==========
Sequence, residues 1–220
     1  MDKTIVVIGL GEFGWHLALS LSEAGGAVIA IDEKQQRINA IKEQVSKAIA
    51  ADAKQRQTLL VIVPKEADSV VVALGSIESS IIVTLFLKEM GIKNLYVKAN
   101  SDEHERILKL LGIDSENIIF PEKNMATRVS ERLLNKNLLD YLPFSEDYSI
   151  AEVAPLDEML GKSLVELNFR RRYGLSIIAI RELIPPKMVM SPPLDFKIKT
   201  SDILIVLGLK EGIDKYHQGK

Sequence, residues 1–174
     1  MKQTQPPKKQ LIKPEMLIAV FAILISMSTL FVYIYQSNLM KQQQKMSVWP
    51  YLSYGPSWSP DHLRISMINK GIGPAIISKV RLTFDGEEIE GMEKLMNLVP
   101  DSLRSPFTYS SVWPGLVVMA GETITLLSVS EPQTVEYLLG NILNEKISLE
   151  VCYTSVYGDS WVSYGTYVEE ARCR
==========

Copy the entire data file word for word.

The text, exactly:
Sequence, residues 1–220
     1  MDKTIVVIGL GEFGWHLALS LSEAGGAVIA IDEKQQRINA IKEQVSKAIA
    51  ADAKQRQTLL VIVPKEADSV VVALGSIESS IIVTLFLKEM GIKNLYVKAN
   101  SDEHERILKL LGIDSENIIF PEKNMATRVS ERLLNKNLLD YLPFSEDYSI
   151  AEVAPLDEML GKSLVELNFR RRYGLSIIAI RELIPPKMVM SPPLDFKIKT
   201  SDILIVLGLK EGIDKYHQGK

Sequence, residues 1–174
     1  MKQTQPPKKQ LIKPEMLIAV FAILISMSTL FVYIYQSNLM KQQQKMSVWP
    51  YLSYGPSWSP DHLRISMINK GIGPAIISKV RLTFDGEEIE GMEKLMNLVP
   101  DSLRSPFTYS SVWPGLVVMA GETITLLSVS EPQTVEYLLG NILNEKISLE
   151  VCYTSVYGDS WVSYGTYVEE ARCR